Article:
Below, Sweeney discusses other key tracks, giving up the physical fight and plans to tour the new tunes.
How did the new music begin and were you unaware of what was taking shape?
I made a record back in 2013 called ‘Long Hair,’ and, you know, there were things about it that I was happy with, and there were things that I weren’t. And when I thought about the kind of net result of it all in my head — “Joey, you made a kind of indulgent singer-songwriter record that seemed to be at some remove from any hope of an audience, and it received almost no promotion” — I thought, well, let me just try to do the opposite of that. With my own limited resources, mind you, but the opposite. So, we trimmed the band a little bit — we’d ballooned to 10 by that point, multiple strings and horns — and said, “yo, let’s do something that feels immediate, let’s remove that remove.” Once we honed in on the guitar/bass/drums/keys/sax leaner, meaner thing in the practice space, it felt more like, “hey, now we can really talk to people.” So, that resulting sound became the guiding impulse.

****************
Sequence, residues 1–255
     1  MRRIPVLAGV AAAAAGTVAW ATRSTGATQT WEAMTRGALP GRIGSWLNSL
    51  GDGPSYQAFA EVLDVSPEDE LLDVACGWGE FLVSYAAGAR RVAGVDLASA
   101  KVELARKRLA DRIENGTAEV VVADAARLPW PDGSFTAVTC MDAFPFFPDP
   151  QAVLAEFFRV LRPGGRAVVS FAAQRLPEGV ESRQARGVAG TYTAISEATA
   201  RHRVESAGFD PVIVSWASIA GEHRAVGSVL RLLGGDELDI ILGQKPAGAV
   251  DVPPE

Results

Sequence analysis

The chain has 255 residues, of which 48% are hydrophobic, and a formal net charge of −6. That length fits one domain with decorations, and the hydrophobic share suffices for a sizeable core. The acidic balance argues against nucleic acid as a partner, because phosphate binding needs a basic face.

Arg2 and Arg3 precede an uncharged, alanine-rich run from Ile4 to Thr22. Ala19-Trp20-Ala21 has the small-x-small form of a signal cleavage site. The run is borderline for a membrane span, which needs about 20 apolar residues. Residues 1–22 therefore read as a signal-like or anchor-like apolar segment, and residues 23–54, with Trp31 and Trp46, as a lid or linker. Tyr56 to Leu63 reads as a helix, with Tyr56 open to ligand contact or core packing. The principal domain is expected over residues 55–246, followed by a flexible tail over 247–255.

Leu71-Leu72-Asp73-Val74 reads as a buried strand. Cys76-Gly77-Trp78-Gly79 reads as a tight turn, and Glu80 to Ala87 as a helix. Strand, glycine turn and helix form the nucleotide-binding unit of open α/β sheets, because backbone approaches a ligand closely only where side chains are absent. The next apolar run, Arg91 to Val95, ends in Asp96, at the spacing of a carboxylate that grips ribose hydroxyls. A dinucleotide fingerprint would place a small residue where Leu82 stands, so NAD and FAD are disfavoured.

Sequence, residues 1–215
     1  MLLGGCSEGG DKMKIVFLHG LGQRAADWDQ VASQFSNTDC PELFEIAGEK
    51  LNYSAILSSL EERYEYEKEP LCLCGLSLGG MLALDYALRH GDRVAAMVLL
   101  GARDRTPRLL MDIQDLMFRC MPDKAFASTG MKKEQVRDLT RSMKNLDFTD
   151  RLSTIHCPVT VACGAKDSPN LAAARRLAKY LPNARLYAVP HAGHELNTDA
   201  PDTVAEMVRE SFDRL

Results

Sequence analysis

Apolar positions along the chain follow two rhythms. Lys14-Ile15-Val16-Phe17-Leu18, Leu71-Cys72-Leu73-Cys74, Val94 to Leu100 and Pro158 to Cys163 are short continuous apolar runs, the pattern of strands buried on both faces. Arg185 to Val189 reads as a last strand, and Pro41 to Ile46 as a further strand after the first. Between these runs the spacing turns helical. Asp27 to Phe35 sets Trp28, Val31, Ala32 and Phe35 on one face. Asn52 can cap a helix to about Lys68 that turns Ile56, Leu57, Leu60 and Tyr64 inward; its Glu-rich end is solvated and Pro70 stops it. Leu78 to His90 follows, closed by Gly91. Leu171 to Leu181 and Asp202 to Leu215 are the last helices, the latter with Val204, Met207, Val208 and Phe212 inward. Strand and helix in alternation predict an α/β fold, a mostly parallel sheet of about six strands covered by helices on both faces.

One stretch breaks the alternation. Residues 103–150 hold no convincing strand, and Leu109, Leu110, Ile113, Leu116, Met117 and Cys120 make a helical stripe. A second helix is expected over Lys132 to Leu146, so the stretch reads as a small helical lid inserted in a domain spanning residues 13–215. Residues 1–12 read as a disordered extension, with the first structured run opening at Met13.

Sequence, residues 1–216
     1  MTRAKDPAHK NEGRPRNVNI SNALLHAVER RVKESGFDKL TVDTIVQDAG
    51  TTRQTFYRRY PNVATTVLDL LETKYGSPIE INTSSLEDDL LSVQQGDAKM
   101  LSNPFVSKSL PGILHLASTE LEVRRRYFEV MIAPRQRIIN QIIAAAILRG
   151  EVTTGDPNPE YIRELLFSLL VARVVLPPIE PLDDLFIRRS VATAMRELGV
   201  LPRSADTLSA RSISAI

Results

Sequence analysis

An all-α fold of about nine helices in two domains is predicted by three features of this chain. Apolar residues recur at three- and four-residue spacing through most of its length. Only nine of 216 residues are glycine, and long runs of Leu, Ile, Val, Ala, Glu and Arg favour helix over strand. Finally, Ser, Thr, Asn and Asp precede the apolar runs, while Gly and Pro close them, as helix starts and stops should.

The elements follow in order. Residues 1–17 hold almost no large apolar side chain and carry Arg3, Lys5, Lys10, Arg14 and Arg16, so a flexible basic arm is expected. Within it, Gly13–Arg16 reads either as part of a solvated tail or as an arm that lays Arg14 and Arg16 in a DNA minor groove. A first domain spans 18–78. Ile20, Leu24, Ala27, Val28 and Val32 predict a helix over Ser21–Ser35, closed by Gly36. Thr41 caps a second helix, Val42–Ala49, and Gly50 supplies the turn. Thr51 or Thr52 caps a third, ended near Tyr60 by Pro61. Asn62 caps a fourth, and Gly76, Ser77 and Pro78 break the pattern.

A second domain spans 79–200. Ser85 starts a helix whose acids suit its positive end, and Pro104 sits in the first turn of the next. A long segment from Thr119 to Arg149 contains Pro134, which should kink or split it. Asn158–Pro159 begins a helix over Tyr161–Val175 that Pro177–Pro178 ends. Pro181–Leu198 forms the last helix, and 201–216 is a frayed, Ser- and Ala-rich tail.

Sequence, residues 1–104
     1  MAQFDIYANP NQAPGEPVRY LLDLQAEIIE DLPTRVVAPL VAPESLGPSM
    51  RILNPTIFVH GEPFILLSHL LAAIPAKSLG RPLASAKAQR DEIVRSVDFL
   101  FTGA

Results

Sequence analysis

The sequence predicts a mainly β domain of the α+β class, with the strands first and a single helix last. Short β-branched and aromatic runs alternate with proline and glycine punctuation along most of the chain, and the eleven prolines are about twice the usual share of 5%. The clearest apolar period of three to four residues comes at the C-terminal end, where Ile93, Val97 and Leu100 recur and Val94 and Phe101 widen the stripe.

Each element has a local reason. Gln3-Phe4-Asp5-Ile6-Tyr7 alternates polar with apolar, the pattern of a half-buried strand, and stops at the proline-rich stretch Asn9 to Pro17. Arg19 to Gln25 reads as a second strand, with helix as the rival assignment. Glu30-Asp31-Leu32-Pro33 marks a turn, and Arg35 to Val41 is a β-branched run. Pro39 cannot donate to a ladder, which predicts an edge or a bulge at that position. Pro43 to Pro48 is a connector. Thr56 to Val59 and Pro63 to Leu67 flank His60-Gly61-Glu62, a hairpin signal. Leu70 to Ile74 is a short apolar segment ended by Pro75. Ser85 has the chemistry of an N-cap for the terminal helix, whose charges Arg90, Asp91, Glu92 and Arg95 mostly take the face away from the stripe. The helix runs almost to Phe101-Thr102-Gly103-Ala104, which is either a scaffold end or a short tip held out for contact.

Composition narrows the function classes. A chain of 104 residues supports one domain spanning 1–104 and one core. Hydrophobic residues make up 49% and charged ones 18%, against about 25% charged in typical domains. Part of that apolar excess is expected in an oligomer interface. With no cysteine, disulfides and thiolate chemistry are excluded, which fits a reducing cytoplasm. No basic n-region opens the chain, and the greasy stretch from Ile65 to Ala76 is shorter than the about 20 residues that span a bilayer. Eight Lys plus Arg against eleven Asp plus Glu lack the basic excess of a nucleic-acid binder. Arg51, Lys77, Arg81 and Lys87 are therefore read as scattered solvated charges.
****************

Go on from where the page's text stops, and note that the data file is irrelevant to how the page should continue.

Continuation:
In terms of approach and stylistic ambitions, what do you want to achieve with this album?
I’m laughing a little as I type this — I didn’t want it to be an album. I wanted to be free from the idea of an album! I mean, everybody else is, why not us? The way we’ve been putting things out, though, one song at a time — there were things I did wanna do. I want to be more in the moment, and just release music on the regular, as opposed to going into the studio every two years, I’d like to do it every three months. And I did want it to be the kind of singles that would feel both stylistic — like really inviting in terms of the stylistic choices, like yeah there’s some cheeky stuff in here but it is also very heartfelt — and also coming from a place that was true in spirit. That has been the sum total of the ambition in its way — to make music and stay current in a way that was the opposite of my earlier experiences making and releasing music.
Through the process so far, what have been things you’ve learned?